[SATLUG] Burned out programmer

Mike Wallace m.a.wallace at gmail.com
Fri Aug 12 13:20:35 CDT 2011


I know exactly what it feels like to be the lone developer subject to the
whims of others, especially those who don't view the developer's work as
something significant.  It was that type of experience that burnt me out on
a previous job.  When you have a team, even if it is just two or three
others, the responsibilities can be divvied up and it's not all on your
shoulders.  Not only that, but you would have other developers to learn
from, bounce ideas off of, etc.  Of course some teams have Corncobs (see
Project Management Anti-Patterns), but I'd take a team over going solo any
day.  The team dynamic allows you to focus rather than being a jack of all
trades.  It's the time slicing between a plethora of tasks that causes us to
feel "stretched thin."  I've had jobs on teams where I have been very busy
and worked long hours, but didn't have that stretched thin feeling because I
could maintain focus.  Anyway, at the root is still whether or not you enjoy
programming.  If you do, try to find a project or a new job that would get
you onto a team.  If not, then move on.



On Fri, Aug 12, 2011 at 12:49 PM, Donald L Wilcox <
dwilcox at neonnightrider.com> wrote:

>
> What contributes to my dissatisfaction most is that dynamic. It makes me
> the only programmer, or, at a more practical level, the only person who can
> do [insert task here], coupled with the reality that I work with and under
> people with 0 technical experience (e.g. "I need you to code this up real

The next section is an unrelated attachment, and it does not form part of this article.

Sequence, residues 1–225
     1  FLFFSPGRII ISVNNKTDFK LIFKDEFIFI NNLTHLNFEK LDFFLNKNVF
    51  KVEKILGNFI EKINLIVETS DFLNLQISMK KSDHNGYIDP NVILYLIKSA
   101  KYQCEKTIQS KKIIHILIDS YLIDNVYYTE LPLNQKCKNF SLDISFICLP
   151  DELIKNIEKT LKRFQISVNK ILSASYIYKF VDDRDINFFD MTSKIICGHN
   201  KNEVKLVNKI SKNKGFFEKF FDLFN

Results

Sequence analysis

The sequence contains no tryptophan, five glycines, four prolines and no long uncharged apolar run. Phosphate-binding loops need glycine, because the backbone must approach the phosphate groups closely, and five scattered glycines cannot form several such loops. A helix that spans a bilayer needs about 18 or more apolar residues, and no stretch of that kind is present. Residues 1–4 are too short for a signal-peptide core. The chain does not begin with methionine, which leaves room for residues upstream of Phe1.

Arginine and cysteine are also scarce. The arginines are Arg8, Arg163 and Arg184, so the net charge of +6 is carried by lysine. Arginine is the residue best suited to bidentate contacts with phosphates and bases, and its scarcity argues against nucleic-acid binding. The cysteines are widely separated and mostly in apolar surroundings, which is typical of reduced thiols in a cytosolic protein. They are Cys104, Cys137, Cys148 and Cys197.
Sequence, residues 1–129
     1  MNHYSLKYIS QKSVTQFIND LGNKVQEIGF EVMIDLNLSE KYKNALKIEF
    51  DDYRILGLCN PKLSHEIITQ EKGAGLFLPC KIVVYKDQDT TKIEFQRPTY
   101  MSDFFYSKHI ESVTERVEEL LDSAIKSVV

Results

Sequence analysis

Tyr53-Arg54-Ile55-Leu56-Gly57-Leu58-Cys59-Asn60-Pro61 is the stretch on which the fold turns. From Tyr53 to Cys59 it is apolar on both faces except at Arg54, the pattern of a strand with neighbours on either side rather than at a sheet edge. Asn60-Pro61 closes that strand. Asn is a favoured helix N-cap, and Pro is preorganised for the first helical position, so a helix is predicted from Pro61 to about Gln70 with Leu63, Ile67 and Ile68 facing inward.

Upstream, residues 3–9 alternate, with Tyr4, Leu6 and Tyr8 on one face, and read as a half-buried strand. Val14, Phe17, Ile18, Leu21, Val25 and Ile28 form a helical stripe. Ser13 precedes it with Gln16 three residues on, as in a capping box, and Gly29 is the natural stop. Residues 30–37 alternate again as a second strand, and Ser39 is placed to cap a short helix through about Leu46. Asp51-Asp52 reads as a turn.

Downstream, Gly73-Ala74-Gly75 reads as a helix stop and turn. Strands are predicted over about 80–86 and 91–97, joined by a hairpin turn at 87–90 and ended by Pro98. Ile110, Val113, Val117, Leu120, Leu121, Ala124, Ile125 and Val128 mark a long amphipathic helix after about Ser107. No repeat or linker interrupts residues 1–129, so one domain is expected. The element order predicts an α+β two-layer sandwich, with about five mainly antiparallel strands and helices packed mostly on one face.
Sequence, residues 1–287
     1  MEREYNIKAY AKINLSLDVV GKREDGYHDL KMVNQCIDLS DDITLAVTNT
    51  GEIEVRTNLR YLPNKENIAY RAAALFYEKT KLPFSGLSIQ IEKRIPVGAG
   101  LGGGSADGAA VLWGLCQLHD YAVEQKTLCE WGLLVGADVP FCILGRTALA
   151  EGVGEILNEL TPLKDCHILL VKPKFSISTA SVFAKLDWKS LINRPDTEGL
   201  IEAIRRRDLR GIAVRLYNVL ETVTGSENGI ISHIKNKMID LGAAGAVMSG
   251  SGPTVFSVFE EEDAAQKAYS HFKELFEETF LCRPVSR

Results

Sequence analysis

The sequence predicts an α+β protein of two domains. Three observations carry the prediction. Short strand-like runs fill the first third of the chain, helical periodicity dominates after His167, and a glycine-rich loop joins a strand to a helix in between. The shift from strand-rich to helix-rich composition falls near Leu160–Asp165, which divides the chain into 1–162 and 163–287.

> quick.") but call all the shots. Getting to use a new technology that I want
> to use (key phrase) is rare because the VPs and Directors are swooning over
> the next iGadget, mobile-this, and app-that that we "should" be doing until
> we shouldn't be doing it. Then I tried to go to school and do competitions,
> write more code that I don't want to do (UTSA teaches nothing on new
> technologies, and hardly anything I think is important as a developer, like
> problem-solving and good coding practices.) and the same thing happened
> where we'd have projects where, you guessed it, I was the sole developer.
>
> 5 years isn't that long, but long enough for me to question the future. So
> far, I've never worked in a true development team, and at the moment I feel
> stretched thin, so I worry that I wouldn't be as effective even if I did
> work regularly with other devs. Certainly the position I'm in has brought
> valuable experience, but being the sole developer in a department of
> marketing and comm professionals means nobody "gets it." To them a dev is
> just a liability who better understand our work, but we don't need to
> understand his/hers.
>
>


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